Netflix is great and so is your favourite playlist. But occasionally a gal needs to take a break from binge-watching BBC cop dramas, or lip-synching to Robyn. Enter the podcast. The perfect way to spend a long commute, doctor’s office wait or weekly house cleaning session.
Here are five that are guaranteed to prick up your ears.
Serial If your Facebook feed is like ours, all your friends are post-happy about Serial, the new podcast from the creators of This American Life, the granddaddy of great podcasts (if you’re not listening, start). There’s good reason for the hype. Serial focuses on one real-life story all season, telling the tale in weekly segments that run between 30 and 45 minutes. That parceled-out approach to storytelling makes it the antidote to our bite-sized, ADHD-inspired news cycle. This season centers on the murder of a teenage girl in Baltimore back in 1999, and the subsequent arrest and conviction of her boyfriend. You can download the podcast for free on iTunes or visit the website.
The Bugle Last Week Tonight’s John Oliver co-hosts this bi-coastal, comic “audio newspaper” along with fellow Brit comedian/author Andy Zaltzman (Zaltzman hosts from the UK, while Oliver links in from NYC). The Bugle will remind you of Oliver’s HBO series, as it, too, takes a satirical approach to digesting world news and current affairs, but it’s madder and more literate in the best British way. Another bonus: at just shy of 30 minutes an episode it’s treadmill friendly.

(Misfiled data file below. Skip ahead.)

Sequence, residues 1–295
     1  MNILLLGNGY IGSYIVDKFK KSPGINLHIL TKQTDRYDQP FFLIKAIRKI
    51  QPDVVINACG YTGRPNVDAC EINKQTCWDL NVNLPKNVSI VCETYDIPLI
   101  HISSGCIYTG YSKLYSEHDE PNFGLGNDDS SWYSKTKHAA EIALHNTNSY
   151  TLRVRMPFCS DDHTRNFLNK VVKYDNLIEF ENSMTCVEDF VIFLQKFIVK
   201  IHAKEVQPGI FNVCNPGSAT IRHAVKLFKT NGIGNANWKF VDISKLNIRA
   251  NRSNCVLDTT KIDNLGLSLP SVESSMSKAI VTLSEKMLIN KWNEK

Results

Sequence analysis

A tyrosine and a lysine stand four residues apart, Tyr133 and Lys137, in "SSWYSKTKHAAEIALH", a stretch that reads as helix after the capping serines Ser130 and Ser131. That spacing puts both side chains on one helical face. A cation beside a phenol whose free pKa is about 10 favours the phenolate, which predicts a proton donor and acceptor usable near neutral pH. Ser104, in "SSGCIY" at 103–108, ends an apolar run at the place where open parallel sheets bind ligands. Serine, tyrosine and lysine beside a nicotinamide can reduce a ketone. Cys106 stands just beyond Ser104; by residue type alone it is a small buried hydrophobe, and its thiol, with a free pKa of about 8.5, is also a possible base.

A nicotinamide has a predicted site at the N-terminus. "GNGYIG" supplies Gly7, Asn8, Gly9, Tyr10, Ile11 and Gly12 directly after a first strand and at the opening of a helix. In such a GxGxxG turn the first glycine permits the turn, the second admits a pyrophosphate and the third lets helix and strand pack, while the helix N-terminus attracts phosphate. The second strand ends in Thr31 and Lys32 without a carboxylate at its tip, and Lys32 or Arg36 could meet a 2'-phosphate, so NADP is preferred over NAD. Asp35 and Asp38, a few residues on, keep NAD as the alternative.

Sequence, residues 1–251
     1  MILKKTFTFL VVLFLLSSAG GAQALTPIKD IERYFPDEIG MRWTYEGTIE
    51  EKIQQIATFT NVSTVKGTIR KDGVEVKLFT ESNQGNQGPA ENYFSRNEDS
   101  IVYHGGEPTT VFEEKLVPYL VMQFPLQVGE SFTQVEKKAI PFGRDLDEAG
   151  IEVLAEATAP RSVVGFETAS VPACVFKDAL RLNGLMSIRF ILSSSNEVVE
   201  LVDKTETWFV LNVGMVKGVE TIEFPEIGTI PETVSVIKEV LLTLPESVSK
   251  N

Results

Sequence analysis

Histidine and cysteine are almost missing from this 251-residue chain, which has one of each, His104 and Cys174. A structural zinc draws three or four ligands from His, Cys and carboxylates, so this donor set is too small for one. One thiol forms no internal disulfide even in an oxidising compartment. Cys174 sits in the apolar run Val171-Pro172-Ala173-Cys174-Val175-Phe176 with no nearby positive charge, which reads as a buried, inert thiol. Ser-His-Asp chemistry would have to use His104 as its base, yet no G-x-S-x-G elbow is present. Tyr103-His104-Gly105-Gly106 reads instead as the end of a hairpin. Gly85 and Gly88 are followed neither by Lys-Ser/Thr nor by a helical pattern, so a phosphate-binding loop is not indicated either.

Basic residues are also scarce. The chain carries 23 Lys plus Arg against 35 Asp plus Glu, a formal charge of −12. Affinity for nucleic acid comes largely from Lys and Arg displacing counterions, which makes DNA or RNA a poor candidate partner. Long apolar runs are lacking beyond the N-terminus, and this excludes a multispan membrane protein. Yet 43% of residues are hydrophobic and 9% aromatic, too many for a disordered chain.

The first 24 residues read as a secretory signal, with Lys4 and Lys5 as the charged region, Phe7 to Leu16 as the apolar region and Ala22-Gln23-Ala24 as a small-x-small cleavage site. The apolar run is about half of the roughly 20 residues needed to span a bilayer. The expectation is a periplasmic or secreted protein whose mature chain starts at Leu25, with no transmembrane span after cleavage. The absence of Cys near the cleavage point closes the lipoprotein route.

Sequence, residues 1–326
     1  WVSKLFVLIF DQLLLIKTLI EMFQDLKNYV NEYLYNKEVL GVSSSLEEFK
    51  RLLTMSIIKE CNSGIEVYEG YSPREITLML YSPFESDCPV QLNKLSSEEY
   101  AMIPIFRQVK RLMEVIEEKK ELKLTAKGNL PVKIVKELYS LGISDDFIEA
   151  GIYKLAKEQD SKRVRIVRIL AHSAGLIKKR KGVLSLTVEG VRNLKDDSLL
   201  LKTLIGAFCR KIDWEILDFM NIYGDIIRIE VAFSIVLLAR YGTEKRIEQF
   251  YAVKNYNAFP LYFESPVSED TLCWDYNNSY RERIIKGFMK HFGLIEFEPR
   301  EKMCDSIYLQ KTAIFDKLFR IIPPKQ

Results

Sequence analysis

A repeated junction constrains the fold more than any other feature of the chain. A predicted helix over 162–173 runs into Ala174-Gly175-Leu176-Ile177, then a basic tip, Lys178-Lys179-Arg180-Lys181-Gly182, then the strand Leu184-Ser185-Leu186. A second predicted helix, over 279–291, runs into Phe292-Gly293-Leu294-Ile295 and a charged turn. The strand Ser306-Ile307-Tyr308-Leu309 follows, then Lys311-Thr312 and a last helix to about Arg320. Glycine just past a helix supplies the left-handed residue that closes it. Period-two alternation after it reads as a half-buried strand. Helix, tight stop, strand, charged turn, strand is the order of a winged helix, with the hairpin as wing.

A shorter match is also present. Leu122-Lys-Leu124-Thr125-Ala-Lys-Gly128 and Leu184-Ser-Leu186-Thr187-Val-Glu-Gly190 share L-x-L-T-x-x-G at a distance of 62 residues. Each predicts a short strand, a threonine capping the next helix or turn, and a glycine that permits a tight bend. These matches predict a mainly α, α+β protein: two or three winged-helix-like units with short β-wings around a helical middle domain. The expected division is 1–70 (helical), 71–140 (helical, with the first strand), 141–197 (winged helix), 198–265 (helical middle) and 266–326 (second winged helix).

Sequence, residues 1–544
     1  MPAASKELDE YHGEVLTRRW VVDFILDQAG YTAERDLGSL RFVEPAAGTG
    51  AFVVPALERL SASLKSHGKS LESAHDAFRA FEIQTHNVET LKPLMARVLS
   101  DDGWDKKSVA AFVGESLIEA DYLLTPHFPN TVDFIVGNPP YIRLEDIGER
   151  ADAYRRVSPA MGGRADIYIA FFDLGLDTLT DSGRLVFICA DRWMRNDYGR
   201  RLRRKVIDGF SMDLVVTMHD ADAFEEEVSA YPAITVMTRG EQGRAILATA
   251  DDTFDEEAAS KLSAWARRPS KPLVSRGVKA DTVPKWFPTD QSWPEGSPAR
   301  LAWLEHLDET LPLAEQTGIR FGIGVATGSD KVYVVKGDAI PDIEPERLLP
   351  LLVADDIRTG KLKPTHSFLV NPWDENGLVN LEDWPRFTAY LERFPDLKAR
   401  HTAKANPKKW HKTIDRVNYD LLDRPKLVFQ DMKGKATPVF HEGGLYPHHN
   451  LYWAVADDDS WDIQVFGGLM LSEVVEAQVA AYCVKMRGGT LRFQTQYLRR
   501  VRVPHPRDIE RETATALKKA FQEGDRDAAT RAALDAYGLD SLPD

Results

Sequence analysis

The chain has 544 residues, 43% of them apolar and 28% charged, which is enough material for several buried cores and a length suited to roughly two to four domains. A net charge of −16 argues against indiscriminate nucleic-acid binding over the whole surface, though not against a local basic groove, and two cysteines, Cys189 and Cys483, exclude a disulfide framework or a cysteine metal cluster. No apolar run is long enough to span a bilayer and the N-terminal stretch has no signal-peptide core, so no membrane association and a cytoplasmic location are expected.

Love + Radio Think of Nick van der Kolk’s Love + Radio podcast as the darker and slightly unstable descendant of This American Life. It focuses on everything from the sordid to the pedestrian and presents each real-life tale seemingly unfiltered and unframed by intention. The intimate episodes, which range in length from 30- to 45-minutes and are updated monthly, have a vaguely illicit sensibility—at times you may feel like you’re eavesdropping on a stranger’s internal monologue as they talk about everything from their first experience with a gun to their first bank robbery.
On Being Host Krista Tippett serves up big ideas in a well-researched, inclusive and in-depth manner. In that respect, it reflects the best traditions and values of public broadcasting—but before you start thinking it’s the audio equivalent of kale, be assured that it’s time well spent as long as you’re in the mood for considering such topics as the science of mindfulness and reimagining the cosmos or listening to Rosanne Cash discuss her music and life. These typically hour-long dispatches are best for when you’re in a contemplative state of mind.
Pop Culture Happy Hour from NPR Pop Culture Happy Hour comes as a nice change from over-hyped entertainment marketing, offering in-depth and witty conversations on pop culture that don’t involve cheesy marketing tactics or bored celebrities droning on about their “process.” Each 30- to 40-minute session (also available in 15-minute “small batch” bites) features real-live people with really interesting things to say about books, movies, TV, etc.